We die. That may be the meaning of life. But we do language. That may be the measure of our lives. —Toni Morrison, Nobel Prize Lecture (1993)
Toni Morrison, one of our favorite authors to teach, passed away on August 5, 2019. She was 88. Morrison wrote nearly a dozen novels, a handful of children’s books, and several other works, including nonfiction, short fiction, and a libretto. High school and college syllabi often feature her work. In fact The Bluest Eye is on the list of books recommended by the Common Core. Despite that, her work is frequently challenged.
Indeed, Morrison is essential reading. But if you’ve never used her work in class or have only read her, teaching Toni Morrison can be a daunting undertaking. So to help you prepare for the challenge, we’ve gathered some of the best resources for teaching Toni Morrison and listed them below. Your students—and you—will be better for it.
If there’s a book you want to read, but it hasn’t been written yet, then you must write it. —Toni Morrison
Books, Resources, and Lesson Plans for Teaching Toni Morrison
Here are resources for teaching Toni Morrison’s books, including several for The Bluest Eye and Beloved, the books most frequently taught at the high school level.
Though, we argue, they are all essential.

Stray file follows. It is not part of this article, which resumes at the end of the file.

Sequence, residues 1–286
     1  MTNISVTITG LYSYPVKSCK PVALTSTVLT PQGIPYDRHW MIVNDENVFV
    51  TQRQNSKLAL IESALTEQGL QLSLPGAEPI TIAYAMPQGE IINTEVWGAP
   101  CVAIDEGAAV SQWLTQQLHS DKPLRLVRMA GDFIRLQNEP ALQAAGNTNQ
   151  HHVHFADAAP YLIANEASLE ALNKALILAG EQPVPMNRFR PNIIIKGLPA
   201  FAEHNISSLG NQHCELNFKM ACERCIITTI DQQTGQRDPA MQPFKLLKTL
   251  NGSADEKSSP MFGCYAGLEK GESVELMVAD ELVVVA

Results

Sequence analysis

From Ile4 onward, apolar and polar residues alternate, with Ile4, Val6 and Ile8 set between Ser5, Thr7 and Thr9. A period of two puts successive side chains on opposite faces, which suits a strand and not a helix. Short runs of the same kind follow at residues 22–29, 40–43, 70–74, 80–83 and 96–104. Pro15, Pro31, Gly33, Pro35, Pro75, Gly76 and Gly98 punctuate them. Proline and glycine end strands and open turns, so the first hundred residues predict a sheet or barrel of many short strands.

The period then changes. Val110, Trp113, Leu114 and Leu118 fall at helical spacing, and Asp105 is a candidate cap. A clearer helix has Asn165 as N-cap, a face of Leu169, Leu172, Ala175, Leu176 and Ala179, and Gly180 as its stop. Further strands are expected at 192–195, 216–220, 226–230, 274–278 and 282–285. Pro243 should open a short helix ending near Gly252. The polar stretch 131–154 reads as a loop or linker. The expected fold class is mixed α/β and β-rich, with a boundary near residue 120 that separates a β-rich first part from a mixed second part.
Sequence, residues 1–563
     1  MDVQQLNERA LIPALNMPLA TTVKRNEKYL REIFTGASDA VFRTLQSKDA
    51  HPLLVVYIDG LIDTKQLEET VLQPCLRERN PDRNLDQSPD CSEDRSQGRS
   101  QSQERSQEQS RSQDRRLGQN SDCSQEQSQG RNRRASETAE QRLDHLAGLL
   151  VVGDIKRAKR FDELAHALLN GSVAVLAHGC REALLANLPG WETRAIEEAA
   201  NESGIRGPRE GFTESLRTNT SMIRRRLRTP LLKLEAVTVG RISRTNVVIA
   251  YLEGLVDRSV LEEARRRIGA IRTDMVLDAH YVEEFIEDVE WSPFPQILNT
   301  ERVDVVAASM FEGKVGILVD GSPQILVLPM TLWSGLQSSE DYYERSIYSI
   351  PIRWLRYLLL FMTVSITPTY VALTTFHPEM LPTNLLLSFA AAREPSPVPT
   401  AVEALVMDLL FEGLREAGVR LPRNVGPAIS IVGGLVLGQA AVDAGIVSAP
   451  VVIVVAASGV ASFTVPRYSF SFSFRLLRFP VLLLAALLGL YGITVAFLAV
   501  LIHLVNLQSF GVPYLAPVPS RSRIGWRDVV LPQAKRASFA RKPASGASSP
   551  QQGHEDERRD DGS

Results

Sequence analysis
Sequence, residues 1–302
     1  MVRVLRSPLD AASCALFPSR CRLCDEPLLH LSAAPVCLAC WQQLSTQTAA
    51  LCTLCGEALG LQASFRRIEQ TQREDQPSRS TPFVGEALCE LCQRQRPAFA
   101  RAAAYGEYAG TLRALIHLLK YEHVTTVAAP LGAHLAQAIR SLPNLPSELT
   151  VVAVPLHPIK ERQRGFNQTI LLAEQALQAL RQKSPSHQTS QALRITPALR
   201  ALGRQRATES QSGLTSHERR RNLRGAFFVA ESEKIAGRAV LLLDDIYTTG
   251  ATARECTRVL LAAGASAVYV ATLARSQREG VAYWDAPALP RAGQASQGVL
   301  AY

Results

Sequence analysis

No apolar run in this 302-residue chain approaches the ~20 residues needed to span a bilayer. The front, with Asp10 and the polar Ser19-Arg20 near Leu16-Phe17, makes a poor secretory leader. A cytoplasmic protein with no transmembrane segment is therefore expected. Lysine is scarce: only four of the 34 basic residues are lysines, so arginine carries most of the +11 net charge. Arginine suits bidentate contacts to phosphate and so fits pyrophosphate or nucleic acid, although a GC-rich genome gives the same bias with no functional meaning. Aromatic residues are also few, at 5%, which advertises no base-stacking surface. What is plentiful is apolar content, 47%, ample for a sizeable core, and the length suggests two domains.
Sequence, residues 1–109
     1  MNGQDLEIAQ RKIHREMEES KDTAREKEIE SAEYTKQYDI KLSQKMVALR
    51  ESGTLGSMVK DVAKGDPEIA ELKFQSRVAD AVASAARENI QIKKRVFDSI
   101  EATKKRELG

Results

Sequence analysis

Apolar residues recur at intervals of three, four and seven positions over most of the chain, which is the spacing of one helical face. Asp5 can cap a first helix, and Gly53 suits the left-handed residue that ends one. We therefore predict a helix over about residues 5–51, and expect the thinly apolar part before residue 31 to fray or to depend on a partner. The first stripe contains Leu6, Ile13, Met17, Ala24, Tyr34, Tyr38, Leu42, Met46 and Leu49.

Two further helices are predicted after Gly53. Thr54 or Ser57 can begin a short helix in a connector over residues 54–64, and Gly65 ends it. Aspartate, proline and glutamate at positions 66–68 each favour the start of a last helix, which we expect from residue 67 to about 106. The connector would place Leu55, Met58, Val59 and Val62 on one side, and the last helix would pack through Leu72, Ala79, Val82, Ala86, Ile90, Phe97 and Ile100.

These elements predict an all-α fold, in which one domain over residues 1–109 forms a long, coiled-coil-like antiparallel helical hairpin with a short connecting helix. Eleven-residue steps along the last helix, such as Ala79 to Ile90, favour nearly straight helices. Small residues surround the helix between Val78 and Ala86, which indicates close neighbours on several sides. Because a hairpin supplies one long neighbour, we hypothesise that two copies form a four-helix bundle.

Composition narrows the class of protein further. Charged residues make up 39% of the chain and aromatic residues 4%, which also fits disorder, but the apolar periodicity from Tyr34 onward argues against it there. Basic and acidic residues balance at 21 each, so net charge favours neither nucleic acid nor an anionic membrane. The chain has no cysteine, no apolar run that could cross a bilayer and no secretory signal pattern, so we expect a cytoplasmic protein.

Run by the Project on the History of Black Writing at the University of Kansas, this site provides information and other contextual resources for most of Morrison’s novels and will help you discuss Morrison’s work with your class.
“This is not a story to pass on.”
A very helpful lesson plan for Morrison’s Pulitzer Prize–winning novel, Beloved, courtesy of the Yale-New Haven Teachers Institute. Get the lesson here: http://teachersinstitute.yale.edu/curriculum/units/1999/1/99.01.03.x.html#a
Teaching The Bluest Eye? This guide from Feminist Teacher will prove incredibly useful. She also has a guide for Beloved.
Morrison’s first novel was adapted into a play, written by Lydia Diamond. This study guide will help you tackle either version of this powerful story.
PBS’s great teaching guide for Beloved.
Not sure you have time to cover a Morrison novel? Read Morrison’s only published short story, which was originally published in Confirmation: An Anthology of African American Women.
As you enter positions of trust and power, dream a little before you think. —Toni Morrison
Toni Morrison Lectures and Talks
One of the best ways to familiarize students with Toni Morrison is to have them listen to her. There are many interviews and talks available on the Internet, including her 30-minute Nobel Prize lecture.
In this interview, Morrison discusses how the idea of what the 1950s were inspired her novel Home. Her observations have particular relevance today.
In this clip Toni Morrison covers a range of topics with activist Angela Davis, courtesy of the New York Public Library.
If you surrendered to the air, you could ride it. —Toni Morrison, Song of Solomon
Have you taught Toni Morrison in your classroom? Come and share your tips and strategies in our WeAreTeachers HELPLINE group on Facebook.